Scandinavian Ethnicity in Great Britain and Ireland

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Following is from the Ancestry Blog of June 23, 2015

It explains a lot about why I have such a high Scandinavian ethnicity count when I can not account for more than 1 or maybe two Scandinavians in my woodpile and they were in or prior to the 17th Century.-Mic

The Blog begins here:

At genealogy conferences I’ve spoken about AncestryDNA genetic ethnicity estimates. When the topic of Scandinavian ethnicity comes up, there tends to be an elephant in the room, or more accurately a Viking. At some point I invariably get asked by someone if having Scandinavian genetic ethnicity in their estimate means they are descended from Vikings. With this in mind, it seems like a good time to have a closer look at Scandinavian Ethnicity across the UK & Ireland.

Scandinavian Genetic Ethnicity across Great Britain & Ireland



The map above shows average Scandinavian ethnicity estimates across Great Britain and Ireland. It is based on the AncestryDNA test alone and does not use any historical migration data.

Across Great Britain there is a clear pattern with higher Scandinavian genetic ethnicity in the north east of England decreasing as you get further from that region. From a high of 11.1% in the Northeast of England the average drops to a low of 6.5% in Southern Scotland.

In Ireland we see even lower average Scandinavian ethnicity ranging from 5.3% in Ulster to 2.0% in Munster. At this point, we do not have averages calculated at county level in Ireland. A county level average ethnicity may possibly reveal more subtle variations in the averages.


A Matter of Interpretation

Knowing the average amounts of a given genetic ethnicity across Britain can be useful. For example, if you have a high amount of Scandinavian in your estimate, then perhaps you might look towards the north east for your roots. But what about the original question we started with – if you have Scandinavian ethnicity can you say you are descended from Vikings?

The answer I normally give people is to consider it like any other genealogical research. Start with what you know. Any interpretation beyond this should at a minimum be consistent with the facts. In relation to Scandinavian genetic ethnicity estimate we can say the following.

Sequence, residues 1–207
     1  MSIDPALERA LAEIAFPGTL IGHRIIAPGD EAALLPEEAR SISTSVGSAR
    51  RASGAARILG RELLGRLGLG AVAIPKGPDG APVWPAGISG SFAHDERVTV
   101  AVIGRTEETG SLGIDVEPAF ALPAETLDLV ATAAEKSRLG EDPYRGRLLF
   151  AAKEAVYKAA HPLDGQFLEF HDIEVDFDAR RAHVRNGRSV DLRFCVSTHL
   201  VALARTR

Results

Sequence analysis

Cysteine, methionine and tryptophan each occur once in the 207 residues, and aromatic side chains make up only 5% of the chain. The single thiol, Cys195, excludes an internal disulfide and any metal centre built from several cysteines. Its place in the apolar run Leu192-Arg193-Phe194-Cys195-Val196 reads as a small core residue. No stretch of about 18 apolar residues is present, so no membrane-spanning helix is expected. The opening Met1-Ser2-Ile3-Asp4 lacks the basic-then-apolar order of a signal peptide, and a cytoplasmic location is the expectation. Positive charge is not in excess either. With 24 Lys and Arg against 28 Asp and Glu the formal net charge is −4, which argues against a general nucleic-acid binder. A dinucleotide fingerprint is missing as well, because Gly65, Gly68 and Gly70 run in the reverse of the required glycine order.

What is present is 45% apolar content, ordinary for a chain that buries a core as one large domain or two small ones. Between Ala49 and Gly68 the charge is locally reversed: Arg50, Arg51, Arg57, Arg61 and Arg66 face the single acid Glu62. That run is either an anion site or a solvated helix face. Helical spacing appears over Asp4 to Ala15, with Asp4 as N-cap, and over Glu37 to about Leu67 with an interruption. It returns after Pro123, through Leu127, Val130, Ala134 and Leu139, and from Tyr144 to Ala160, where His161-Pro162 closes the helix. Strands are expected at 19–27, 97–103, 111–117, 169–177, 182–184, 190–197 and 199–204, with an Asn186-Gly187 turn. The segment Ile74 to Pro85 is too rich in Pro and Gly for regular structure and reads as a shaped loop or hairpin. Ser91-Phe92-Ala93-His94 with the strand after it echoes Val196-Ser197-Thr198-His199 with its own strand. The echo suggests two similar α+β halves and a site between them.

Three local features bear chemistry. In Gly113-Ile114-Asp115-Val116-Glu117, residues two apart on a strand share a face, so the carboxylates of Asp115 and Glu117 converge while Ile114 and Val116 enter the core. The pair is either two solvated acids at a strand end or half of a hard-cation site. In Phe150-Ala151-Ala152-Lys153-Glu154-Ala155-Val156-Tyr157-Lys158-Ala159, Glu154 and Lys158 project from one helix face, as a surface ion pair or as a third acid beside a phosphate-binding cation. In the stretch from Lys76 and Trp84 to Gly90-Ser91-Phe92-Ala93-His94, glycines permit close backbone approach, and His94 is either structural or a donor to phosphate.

• If you have Scandinavian ethnicity as part of your estimate, then your DNA is similar to a group of modern day people in our AncestryDNA Reference Panel with deep roots in Scandinavia. That modern distinction is important, the test does not compare your DNA to any ancient group of people. In other words, the test does not compare your DNA to any “Viking DNA” (if this even could be defined).
    • Across the AncestryDNA database, higher amounts of average Scandinavian genetic ethnicity estimates are found in the north east of England than in other parts of Britain or Ireland.

Those are the only facts here. Anything beyond that is interpretation and storytelling. As with any interpretation ask yourself; is this consistent with what I know? Is this a plausible explanation of the facts? Am I pushing the facts to fit an explanation I want to believe?

There is a strong desire in all of us to find simple explanations, simple histories. But it is good to remember that the peopling of Europe is a complicated web of historical events, migrations and stories along many different timelines. The migration of Norse Vikings to Britain and their control of the Danelaw is one such event. But there are others. For example, from the 5th century there was also the Anglo-Saxon migration to Britain. The Anglo-Saxon migration is relevant because some of the Germanic tribes involved in that migration (such as the Jutes and Angles) have their origins in what we refer to today as Denmark, a part of Scandinavia.

How you choose to interpret the facts is ultimately up to you. At the end of the day, this is your DNA, this is your story. There is no one better placed to tell it. Tell it wisely, tell it well.


The Danelaw


Danish Vikings began to invade northern and eastern England in 876 and eventually came to control a third of the country, defeating several smaller Anglo-Saxon kingdoms. The rulers of the Danelaw, as the Viking area became known, struggled for nearly 80 years with the remaining English kings over the region.

Anglo-Saxon Migration


As the Romans left Britain from 400 A.D., tribes from northern Germany and Denmark seized the opportunity to step in. The Angles (green) and Saxons (purple) soon controlled much of the territory that had been under Roman rule, while the Jutes (orange) occupied some smaller areas in the south.